Speaking at a conservative gathering in South Carolina, the Texas governor delivered a harsh critique of Obama, slamming his handling of foreign policy and accusing the president of leading the country off a cliff when it comes to federal spending.

    "How can a country fail so miserably to pay its bills?" Perry demanded, citing the nation's recent credit downgrade. "We cannot afford four more years of this rudderless leadership . . .  A great country demands a better direction. A renewed nation needs a new president. It's time to get America working again."

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  • Questioner under fire for asking Bachmann what it means to be a ‘submissive’ wife

    Bachmann (Charlie Neibergall/AP)A moderator at last night's GOP presidential debate is coming under fire for questioning Michele Bachmann on what it means when she says she's a "submissive" wife and how it might affect her presidency.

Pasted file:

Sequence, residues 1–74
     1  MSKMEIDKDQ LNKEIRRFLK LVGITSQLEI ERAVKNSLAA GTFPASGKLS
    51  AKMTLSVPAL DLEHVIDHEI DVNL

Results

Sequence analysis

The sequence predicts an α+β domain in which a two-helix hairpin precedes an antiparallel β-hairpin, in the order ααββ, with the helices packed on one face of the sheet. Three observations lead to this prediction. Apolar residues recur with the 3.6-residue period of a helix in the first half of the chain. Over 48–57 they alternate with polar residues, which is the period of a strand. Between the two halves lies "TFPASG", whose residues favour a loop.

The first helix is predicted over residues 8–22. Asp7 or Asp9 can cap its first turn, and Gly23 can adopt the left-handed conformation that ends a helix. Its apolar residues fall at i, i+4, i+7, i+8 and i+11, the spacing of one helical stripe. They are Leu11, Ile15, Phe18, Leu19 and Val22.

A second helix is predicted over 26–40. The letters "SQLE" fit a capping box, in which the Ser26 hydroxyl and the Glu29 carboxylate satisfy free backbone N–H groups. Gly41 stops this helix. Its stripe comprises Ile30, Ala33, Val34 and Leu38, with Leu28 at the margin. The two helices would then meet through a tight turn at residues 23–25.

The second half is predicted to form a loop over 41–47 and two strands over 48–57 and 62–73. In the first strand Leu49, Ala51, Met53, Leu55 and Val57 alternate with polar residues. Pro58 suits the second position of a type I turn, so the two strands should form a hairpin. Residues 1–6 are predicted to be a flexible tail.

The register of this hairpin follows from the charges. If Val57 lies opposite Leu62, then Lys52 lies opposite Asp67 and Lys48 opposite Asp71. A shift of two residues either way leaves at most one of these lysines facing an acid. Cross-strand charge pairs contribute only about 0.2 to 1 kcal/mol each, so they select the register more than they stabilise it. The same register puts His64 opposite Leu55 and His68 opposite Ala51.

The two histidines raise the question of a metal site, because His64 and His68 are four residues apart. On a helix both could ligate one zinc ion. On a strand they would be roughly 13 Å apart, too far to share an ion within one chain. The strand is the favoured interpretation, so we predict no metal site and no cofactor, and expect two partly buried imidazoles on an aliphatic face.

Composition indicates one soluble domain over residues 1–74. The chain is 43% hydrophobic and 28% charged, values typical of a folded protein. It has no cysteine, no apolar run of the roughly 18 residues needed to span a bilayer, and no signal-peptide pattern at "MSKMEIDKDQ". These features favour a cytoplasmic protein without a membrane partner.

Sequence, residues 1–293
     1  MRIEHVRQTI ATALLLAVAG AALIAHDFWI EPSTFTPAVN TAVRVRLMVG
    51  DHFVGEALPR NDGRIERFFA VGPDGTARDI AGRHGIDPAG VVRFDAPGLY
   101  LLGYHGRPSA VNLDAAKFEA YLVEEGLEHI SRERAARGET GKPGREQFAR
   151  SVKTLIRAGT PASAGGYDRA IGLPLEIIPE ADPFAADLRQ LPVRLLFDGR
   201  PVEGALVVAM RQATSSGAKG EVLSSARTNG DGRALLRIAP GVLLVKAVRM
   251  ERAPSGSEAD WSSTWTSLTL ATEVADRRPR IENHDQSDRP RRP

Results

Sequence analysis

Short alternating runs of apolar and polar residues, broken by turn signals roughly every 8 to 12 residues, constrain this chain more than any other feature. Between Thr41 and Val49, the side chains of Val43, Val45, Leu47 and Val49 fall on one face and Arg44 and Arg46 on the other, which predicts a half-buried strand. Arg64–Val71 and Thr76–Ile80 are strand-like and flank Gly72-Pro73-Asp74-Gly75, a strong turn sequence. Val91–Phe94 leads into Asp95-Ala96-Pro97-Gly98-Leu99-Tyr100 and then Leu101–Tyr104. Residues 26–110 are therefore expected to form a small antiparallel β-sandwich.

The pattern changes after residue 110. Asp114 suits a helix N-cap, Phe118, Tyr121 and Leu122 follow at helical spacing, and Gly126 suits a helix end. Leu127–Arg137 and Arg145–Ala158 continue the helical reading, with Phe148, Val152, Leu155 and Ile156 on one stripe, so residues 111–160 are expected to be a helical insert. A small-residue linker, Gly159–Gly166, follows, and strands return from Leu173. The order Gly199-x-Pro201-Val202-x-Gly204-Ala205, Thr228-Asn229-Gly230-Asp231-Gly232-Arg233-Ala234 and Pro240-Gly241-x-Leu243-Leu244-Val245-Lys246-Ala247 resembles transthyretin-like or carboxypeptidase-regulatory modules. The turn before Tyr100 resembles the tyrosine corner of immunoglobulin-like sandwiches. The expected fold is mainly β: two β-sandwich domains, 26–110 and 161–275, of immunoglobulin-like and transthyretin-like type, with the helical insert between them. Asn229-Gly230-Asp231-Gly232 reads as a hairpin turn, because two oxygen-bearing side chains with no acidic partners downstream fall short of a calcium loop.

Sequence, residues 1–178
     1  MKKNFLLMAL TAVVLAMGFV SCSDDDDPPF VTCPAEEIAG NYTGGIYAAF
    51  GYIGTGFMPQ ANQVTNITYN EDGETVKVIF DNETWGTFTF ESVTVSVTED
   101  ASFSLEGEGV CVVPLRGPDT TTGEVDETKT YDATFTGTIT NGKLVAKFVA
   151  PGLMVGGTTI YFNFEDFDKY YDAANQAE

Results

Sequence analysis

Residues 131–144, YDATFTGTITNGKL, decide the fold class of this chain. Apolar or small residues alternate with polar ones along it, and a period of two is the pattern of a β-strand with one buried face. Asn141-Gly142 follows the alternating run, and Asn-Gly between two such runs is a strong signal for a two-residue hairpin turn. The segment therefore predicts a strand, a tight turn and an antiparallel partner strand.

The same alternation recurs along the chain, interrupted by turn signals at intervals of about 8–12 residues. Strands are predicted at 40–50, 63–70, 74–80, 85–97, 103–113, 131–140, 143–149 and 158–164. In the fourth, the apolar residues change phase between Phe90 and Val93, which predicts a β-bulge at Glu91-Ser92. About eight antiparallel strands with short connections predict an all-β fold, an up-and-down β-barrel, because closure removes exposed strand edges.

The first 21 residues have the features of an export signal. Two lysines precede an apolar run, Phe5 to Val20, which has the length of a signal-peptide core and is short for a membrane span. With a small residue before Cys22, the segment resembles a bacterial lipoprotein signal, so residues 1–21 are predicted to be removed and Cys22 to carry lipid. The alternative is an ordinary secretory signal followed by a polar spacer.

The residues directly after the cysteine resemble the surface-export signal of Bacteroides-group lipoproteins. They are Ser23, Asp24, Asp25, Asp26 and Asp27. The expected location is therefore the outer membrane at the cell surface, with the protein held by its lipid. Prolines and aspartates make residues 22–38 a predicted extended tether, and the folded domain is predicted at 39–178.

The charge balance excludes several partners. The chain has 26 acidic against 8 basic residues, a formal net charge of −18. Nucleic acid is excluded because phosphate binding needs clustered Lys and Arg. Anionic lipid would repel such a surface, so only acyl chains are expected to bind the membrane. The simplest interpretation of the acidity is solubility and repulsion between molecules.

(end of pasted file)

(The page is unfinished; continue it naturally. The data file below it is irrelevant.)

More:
The Biblical phrase came up in a recent Washington Post profile of Bachmann's husband, Marcus, which reported the Minnesota lawmaker had told congregants at her church in 2006 that she'd pursued her degree in tax law only because her husband had told her to.

    "The Lord says: Be submissive, wives. You are to be submissive to your husbands," Bachmann said at the time, according to the Post. Her campaign hasn't disputed the remarks.

    On Thursday, the Washington Examiner's Byron York, a conservative columnist who was one of the moderators of the 2012 debate, asked Bachmann directly about that quote.